A Thousand Steps

A Thousand Steps
A Thousand Steps by T. Jefferson Parker

Tuesday, May 15, 2018

The Master Key by Masako Togawa - translated by Simon Grove- Feature and Review


A building full of secrets. A key that will unleash them all.

The K Apartments for Ladies in Tokyo conceals a sinister past behind each door; a woman who has buried a child; a scavenger driven mad by ill-health; a wife mysteriously guarding her late husband’s manuscripts; a talented violinist tortured by her own guilt. The master key, which opens the door to all 150 rooms, links their tangled stories. But now it has been stolen, and dirty tricks are afoot.

For a deadly secret lies buried beneath the building. And when it is revealed, there will be murder.



The Master KeyThe Master Key by Masako Togawa

The Master Key by by Masako Togawa, Simon Grove (Translator) is a 2017 by Pushkin Vertigo publication.

Originally published back in 1962, this ‘puzzle’ mystery has been translated into the English Language and is now available in digital format.

Although I consider myself somewhat well versed on mystery novels and the various sub-genres, I wasn’t quite sure what was meant by ‘puzzle mysteries’, which, of course, piqued by interest, on top of the cultural aspects and the vintage/classic angle I’m always a sucker for.
The story is centered around the K apartments for single ladies, which is about to be moved due to the widening of a highway. As the story progresses the past and present slowly merge as the truth behind the death of an infant is revealed amid shocking revelations.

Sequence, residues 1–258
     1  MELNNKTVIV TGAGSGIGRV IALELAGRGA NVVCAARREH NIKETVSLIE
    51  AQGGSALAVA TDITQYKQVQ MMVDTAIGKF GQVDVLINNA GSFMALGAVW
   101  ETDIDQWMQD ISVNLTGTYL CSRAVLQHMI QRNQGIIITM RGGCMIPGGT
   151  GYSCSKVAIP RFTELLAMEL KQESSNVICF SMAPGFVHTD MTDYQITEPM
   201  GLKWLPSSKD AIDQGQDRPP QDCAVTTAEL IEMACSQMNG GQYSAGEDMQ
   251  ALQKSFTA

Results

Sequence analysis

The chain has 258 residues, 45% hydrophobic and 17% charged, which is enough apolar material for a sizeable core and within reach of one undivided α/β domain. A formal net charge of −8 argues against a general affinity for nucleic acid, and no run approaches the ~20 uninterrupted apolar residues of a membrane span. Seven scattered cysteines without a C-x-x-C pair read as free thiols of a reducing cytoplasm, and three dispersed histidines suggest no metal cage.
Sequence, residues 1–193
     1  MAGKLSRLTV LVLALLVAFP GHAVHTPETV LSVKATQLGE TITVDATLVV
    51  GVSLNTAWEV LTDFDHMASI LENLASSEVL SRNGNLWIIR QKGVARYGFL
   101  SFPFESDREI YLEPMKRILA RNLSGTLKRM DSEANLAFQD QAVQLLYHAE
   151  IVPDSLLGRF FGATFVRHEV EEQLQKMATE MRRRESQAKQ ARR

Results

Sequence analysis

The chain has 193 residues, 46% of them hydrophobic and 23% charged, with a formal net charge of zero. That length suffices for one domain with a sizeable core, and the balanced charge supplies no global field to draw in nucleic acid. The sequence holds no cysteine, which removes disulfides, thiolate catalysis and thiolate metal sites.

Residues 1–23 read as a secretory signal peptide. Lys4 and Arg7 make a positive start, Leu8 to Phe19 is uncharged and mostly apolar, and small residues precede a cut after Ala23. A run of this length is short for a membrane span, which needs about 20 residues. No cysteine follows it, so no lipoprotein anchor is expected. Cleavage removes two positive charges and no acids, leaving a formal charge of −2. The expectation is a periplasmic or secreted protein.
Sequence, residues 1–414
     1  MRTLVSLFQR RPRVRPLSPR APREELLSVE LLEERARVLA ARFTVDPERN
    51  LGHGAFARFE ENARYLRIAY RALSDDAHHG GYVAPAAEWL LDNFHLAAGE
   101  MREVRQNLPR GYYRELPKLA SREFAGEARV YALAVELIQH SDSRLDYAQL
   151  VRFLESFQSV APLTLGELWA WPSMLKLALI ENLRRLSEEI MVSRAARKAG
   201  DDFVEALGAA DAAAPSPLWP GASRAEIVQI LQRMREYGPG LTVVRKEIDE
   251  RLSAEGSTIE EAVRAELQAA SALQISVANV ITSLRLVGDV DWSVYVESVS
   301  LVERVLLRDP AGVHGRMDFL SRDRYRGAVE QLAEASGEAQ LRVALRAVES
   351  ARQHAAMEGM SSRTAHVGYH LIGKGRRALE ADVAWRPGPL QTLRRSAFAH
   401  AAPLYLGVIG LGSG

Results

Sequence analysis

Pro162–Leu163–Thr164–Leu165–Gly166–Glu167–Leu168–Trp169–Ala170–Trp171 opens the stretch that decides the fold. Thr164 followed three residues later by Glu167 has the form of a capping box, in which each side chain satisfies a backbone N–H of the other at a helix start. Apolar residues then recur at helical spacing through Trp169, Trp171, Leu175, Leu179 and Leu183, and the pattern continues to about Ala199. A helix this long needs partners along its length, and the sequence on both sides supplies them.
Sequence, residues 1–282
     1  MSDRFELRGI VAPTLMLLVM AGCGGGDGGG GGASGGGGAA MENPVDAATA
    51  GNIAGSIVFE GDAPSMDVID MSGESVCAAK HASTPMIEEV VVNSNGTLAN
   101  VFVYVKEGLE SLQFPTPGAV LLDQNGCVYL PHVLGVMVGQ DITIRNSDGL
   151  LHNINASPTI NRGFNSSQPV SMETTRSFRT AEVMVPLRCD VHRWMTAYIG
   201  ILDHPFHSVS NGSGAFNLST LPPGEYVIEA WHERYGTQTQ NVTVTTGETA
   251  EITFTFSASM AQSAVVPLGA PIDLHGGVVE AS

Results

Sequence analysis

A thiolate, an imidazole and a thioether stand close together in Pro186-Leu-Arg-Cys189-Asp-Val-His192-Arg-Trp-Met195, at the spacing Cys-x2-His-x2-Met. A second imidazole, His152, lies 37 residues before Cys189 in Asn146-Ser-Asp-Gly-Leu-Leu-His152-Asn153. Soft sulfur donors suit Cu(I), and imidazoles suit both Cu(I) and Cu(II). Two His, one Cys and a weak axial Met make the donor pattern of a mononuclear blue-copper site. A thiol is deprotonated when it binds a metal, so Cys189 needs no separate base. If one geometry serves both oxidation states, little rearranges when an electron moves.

The apartment's master key plays a prominent role in the way these tightly held secrets emerge from the shadowy corners of loneliness, obsession, and sorrow, and the deceptively benign activities transpiring at the K apartments for women.

The story is short, but it packs a big punch. It was almost like reading a group of connected vignettes with the post war backdrop of Tokyo creating a stunning atmosphere. These ‘vignettes’ are all a piece of the puzzle, which gradually comes together, piece by piece, to give the reader the full, entire picture.

Fate! It can stab you in the back any time, upsetting the most carefully thought out activities. Fate doesn't care what the upshot is.

Very clever! The definition of a puzzle mystery is rather vague, but it is supposed to focus on solving the puzzle, without spending a great deal of time on the development of the characters. However, I did get a nice glimpse into the secret lives, and human foibles, of these women, as a tragic story unfolds.

I’ve never read a mystery quite like this one, and the more I pondered on it, the more appreciation I had for the author’s ingenuity. I am very interested in reading more books by Masako Togawa if I can locate any with translations.
I recommend this book to anyone who enjoys mysteries that are a little outside the box, are masterfully written, and keeps you guessing or if you enjoy vintage mysteries.





Masako Towaga began writing in 1961, backstage, between her stage appearances, and her first work The Master Key was published a year later, in 1962, for which she was awarded the prestigious  Edogawa Rampo Prize . The story is set in the same apartment she grew up in with her mother. Her second novel, The Lady Killer, followed in 1963, becoming a bestseller. It was adapted for both TV and film, and nominated for the Naoki Prize.
She wrote more than thirty novels and was one of the most popular mystery writers in Japan, with many of her stories based on her own life experience.

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